Even the NRA Thinks Guns Are Too Dangerous for an NRA Convention

Even the NRA Thinks Guns Are Too Dangerous for an NRA Convention

An upcoming National Rifle Association convention in Nashville will have everything: 70,000 guests, 400 firearm exhibitors and even shameless racist Ted Nugent. Everything, that is, except for working firearms.

The Tennessean reports that all firearms on display at the NRA event this weekend will be required to be "nonoperational," with the "firing pins removed." Gun owners "with the proper carry permits can bring their guns into the center during the convention," but they will be unable to take their weapons into Bridgestone Arena for the convention's speaking and musical slots, according the venue's guidelines.

Apparently, the event's organizers don't feel that the event would be safe with a bunch of working guns, despite the fact that the NRA regularly argues that "an armed society is a polite society" and "the only thing that stops a bad guy with a gun is a good guy with a gun." Instead of Average Joe-style good guys with guns, the NRA is paying $200,000 extra for professional security.

It's almost as though the NRA chose a venue that thinks a bunch of live guns in one place could be extremely dangerous.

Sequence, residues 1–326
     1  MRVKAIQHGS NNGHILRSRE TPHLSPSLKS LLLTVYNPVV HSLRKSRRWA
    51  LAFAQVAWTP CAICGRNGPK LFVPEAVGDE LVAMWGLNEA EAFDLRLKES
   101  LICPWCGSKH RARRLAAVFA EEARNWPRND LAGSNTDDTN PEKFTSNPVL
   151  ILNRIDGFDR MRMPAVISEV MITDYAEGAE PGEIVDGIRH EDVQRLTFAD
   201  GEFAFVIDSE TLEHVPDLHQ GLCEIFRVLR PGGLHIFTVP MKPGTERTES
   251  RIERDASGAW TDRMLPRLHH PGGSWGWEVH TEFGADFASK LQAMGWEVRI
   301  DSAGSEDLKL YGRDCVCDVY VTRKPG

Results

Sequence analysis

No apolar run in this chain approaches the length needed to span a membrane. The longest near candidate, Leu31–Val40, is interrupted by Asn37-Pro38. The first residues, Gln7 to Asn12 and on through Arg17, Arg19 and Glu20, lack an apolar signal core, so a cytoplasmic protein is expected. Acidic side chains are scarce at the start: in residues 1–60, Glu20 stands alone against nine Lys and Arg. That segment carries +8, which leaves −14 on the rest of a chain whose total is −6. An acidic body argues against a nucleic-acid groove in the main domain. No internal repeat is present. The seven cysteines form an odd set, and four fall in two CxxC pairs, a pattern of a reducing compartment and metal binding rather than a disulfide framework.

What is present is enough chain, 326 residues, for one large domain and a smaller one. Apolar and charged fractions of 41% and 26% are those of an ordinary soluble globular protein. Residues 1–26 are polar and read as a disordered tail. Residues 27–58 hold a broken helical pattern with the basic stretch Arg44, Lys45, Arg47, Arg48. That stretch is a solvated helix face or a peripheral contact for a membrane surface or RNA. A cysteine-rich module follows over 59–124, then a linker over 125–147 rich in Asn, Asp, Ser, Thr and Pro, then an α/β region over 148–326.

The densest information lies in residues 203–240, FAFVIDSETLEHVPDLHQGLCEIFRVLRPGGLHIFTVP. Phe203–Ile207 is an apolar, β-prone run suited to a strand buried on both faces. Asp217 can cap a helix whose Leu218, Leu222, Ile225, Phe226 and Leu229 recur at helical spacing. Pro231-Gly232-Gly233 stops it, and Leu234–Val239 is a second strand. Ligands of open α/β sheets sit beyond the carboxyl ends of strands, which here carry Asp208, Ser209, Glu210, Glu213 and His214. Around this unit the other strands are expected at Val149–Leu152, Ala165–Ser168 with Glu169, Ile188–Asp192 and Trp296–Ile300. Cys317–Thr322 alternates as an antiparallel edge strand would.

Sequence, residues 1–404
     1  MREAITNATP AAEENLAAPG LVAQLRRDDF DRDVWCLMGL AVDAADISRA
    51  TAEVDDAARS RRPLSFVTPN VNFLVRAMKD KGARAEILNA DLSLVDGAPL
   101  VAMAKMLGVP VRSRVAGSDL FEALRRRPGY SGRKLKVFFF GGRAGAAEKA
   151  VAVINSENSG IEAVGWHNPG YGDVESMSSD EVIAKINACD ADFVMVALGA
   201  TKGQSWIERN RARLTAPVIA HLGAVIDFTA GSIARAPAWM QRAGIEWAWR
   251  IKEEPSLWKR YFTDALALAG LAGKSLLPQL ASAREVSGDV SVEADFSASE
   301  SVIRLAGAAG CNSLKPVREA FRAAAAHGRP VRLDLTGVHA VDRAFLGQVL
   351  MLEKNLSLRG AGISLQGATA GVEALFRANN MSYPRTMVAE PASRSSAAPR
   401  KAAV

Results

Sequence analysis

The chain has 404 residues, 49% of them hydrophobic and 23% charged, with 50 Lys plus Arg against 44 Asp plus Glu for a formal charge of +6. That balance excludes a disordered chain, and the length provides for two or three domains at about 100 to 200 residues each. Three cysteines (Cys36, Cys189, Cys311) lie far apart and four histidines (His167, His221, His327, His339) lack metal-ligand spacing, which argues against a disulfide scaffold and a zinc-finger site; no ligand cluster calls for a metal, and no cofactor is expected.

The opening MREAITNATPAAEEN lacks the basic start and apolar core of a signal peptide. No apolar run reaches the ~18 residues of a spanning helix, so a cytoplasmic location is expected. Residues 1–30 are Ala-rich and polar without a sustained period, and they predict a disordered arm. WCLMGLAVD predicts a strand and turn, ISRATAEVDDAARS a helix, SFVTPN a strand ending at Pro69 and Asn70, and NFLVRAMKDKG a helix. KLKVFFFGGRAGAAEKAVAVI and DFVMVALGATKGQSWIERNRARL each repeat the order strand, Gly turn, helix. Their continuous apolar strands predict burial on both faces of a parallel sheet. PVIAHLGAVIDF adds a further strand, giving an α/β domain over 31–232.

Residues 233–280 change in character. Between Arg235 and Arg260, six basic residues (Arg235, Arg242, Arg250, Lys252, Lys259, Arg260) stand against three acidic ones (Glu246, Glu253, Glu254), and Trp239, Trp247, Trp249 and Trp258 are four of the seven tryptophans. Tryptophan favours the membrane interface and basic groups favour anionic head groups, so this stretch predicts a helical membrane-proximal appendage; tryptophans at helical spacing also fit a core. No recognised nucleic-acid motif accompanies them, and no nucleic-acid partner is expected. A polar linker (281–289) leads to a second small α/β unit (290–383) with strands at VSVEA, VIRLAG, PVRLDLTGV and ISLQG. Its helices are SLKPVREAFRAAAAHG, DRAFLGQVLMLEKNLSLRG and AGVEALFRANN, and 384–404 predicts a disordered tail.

The gun-rights crowd has some screwed-up priorities: Funnily enough, the NRA that doesn't want its convention to have live firearms is the same NRA that believes guns should be legal to carry in churches, parks, schools and hospitals. 

Last year, NRA spokesman Billy Johnson suggested the United States do away with "gun-free zones" and implement "gun-required zones," with schoolchildren required to demonstrate firearms proficiency even "if they didn't want to learn."

In state legislatures across the country, fans of firearms are trying to implement laws that prioritize gun rights above other petty concerns like public safety.

In Tennessee, the Republican-controlled House of Representatives passed a bill making it illegal to carry a water gun within 150 feet of a school, but not real ones. In Ohio, representatives are trying to lift all permit and training restrictions on the right to carry a concealed firearm. In Pennsylvania, the NRA is suing local governments to throw out their firearms laws, part of a deliberate effort to choke municipalities and cities  that aren't firearm-friendly in legal fees. The NRA is also backing a federal law that would make gun permits issued in any state valid in any other, which would ensure a rush to the bottom on firearms regulations.

But more guns doesn't make people safer: According to NRA rhetoric, there's nothing safer than being around tons of people with guns. In reality, people are regularly shot and hurt or even killed at gun shows by live firearms. Apparently the NRA doesn't want to be held liable if that happens, despite the fact that Johnson regularly decries things like "the assumption that we need to protect people from guns" or the notion "that guns are bad or dangerous."

The NRA's talking points simply doesn't line up with reality. Gun ownership has been linked to everything from increased risk of being a homicide or suicide victim to overly aggressive behavior by gun-toting drivers. Its expansive view of the Second Amendment puts us all at risk.

April 10, 2015, 8:56 a.m.: This post has been updated to clarify that many of the gun restrictions placed on the NRA event are due to venue rules, not NRA policy changes.